Winckler wants to reverse “the fall” of Hofmannsthal in creating an image of unquestioned authority, and the exact opposite of the painting of
Portrait of a Man Unknown found in Sarraute’s book of the same title. One is a Condottiere, the other is an unknown that so unsettled Sarraute’s narrator after his initially successful conversion therapy to normality and stability. Winckler wants security, he wants the therapy to work. As opposed to Hofmannsthal’s Lord Chandos though, Winckler, from the outset, experiences the world as in pieces. He is after all a forger. A man without qualities, he longs for authenticity. The masterpiece. Portrait Of A Man Known As Il Condottiere is a novel about a man attempting the impossible, to re-gain innocence once lost. Piecing the pieces back together into one piece. A fool’s errand. The name of Antonello da Messina’s painting, Portrait Of A Man Known As Il Condottiere, does not come to us from Antonello. There are no records of a title or who the portrayed man is. The Il Condottiere has been attributed later, and is, as a matter of fact, not a fact, but an interpretation.
Looking at his own sketches covering the walls of the workshop Winckler sees only failures. It made it seem that Antonello da Messina had wanted, in total disregard of the most obvious law of history and four hundred years before time, to express in their incomplete fullness all the anguished contradictions of consciousness … it did not reveal a painter who had summoned up in palpable form and structure above and beyond his model the eternal, rational stability of a renaissance: it was the double, triple, quadruple game of a fake artist pastiching his own pastiche … Instead of producing a Renaissance masterpiece he has produced a fragmented body of work that comes across as if it was made by a Renaissance artist with a post-structuralist mind. Winckler must accept that instead of the only ever portrait I ever wanted to paint—an image of serenity, strength, poise and command—there was a clown in a mask, a buffoon in his prime, a tense, nervous, lost, defeated, yes, utterly defeated man.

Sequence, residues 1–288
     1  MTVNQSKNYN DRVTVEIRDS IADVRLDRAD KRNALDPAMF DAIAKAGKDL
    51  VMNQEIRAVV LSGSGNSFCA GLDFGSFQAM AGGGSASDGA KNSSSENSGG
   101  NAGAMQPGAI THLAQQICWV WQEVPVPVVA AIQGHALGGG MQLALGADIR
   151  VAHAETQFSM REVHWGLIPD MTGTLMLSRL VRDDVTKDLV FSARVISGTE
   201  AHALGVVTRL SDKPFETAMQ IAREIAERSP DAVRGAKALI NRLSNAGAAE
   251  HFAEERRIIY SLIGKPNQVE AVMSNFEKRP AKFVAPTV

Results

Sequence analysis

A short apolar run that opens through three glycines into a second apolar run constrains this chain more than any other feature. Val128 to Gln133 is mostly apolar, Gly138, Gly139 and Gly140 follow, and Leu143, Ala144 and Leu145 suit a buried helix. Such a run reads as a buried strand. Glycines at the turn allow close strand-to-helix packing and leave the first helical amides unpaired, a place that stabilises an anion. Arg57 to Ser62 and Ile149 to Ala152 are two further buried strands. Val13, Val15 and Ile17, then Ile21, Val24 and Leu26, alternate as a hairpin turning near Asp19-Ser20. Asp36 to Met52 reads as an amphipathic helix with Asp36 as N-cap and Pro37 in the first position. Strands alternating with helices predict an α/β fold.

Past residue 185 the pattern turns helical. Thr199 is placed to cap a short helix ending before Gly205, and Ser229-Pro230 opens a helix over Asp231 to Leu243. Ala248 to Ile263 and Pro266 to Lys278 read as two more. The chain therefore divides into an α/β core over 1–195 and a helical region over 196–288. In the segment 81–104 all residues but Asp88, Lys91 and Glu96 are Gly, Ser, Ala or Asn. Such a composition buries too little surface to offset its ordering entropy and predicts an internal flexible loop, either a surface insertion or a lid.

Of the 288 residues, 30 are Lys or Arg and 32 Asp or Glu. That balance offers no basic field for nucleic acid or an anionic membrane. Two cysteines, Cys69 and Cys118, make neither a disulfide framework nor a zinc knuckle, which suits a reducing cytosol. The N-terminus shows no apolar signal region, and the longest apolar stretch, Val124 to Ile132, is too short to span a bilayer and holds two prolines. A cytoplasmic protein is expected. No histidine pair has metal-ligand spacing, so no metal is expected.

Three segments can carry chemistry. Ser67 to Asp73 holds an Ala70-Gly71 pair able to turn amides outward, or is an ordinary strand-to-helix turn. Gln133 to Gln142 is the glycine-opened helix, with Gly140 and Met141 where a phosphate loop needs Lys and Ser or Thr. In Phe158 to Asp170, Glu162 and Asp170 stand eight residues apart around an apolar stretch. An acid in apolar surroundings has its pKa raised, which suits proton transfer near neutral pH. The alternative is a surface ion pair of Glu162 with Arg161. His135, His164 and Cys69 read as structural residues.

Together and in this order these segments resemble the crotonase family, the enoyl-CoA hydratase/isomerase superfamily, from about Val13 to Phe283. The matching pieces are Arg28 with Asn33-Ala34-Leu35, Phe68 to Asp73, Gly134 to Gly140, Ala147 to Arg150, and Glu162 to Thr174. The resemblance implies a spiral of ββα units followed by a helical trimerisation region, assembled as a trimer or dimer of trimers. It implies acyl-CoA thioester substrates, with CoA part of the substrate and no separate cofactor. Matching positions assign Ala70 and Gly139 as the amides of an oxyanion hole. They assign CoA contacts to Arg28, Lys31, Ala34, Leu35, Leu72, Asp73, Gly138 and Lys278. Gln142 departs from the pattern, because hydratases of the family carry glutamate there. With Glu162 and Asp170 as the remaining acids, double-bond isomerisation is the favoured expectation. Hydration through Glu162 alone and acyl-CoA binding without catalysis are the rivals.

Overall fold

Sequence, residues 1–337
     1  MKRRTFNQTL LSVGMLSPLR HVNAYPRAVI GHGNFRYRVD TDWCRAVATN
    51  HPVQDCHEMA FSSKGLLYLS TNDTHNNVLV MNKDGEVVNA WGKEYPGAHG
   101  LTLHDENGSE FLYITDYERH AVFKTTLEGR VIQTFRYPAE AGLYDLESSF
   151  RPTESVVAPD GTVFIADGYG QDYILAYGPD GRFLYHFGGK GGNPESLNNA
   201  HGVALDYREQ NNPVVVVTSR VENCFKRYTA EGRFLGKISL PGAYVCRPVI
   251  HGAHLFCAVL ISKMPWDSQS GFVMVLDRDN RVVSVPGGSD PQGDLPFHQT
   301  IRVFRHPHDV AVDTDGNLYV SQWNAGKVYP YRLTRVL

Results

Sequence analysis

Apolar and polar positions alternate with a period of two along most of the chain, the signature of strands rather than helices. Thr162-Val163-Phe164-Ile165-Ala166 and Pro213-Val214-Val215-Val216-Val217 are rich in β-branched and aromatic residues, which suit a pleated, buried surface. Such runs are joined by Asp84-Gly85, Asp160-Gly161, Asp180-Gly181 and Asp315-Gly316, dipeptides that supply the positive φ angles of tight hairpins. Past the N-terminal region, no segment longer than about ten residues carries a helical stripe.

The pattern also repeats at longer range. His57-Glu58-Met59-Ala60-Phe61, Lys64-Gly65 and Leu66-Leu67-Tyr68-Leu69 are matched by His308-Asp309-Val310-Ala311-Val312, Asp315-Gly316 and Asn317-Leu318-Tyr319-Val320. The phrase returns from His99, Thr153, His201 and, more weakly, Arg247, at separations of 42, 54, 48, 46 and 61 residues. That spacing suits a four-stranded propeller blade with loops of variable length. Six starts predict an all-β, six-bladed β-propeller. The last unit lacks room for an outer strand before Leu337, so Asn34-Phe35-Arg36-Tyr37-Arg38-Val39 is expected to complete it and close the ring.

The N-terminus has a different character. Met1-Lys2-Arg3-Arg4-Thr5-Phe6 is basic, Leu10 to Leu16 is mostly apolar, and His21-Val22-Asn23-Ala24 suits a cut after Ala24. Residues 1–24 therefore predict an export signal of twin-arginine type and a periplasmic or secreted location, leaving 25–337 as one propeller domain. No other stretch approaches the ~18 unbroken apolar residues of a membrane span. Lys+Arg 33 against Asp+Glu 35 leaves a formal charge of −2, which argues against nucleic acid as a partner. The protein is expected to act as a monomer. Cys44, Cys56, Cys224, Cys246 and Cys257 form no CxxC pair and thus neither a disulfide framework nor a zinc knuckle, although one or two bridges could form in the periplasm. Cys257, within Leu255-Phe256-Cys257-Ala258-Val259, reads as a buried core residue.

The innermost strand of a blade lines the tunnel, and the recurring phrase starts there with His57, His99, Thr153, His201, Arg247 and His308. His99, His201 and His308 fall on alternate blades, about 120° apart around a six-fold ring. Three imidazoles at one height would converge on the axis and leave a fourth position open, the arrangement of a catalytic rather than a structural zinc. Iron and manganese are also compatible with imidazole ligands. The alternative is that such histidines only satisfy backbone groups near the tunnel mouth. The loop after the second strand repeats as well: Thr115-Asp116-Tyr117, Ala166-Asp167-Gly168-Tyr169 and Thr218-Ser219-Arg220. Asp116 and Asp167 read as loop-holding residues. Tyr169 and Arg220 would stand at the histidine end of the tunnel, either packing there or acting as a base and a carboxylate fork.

Karl Marx famously noted that history repeats itself, first as tragedy, then as farce. To Hofmannsthal the fragmentation, the disconnect and the void was nothing but a loss, pure tragedy. Writing about a forger attempting to move in the opposite direction, and failing spectacularly, Perec rewrites the same story as farce.
After I had finished Portrait Of A Man Known As Il Condottiere (the book, not the painting) I started reading a monograph on Antonello da Messina. It includes a text by Renzo Villa called In Search of Antonello. In it I read about forgeries and copies. Uncertain, changing and wrong attributions, documents on forever lost works, and documents on lost documents. Varying names for the same person or inversely the same name for what was likely different persons and the today unknown identities of the sitters in the portraits. There are missing signatures, mistaken scholars, lying scholars, scholars so keen on their thesis that they chose to ignore what was right in front of them. I repeatedly had to remind myself, that I was no longer reading Perec nor had I, by accident, picked up a book by Umberto Eco.
Antonello himself is believed to have gotten his training at the studio of the Neapolitan painter Colantonio, a painter who, lacking great originality, tended to imitate others’ work almost to the point of forgery … On one occasion [Colantonio] asked a merchant to lend him a portrait of Charles of Burgundy … He made a copy so alike that one could not distinguish between them, returning his copy to the merchant who did not notice the substitution until Colantonio unveiled the beautiful deception.
Perec wrote Portrait Of A Man Known As Il Condottiere based on art historical sources and known cases of forgeries. When Winckler explains how he makes his forgeries as I could lift all the details from different works, that is a known method of forgers, it is equally a nod to how Perec made his own book. His portrait of a forger is made by lifting details from portraits of forgers.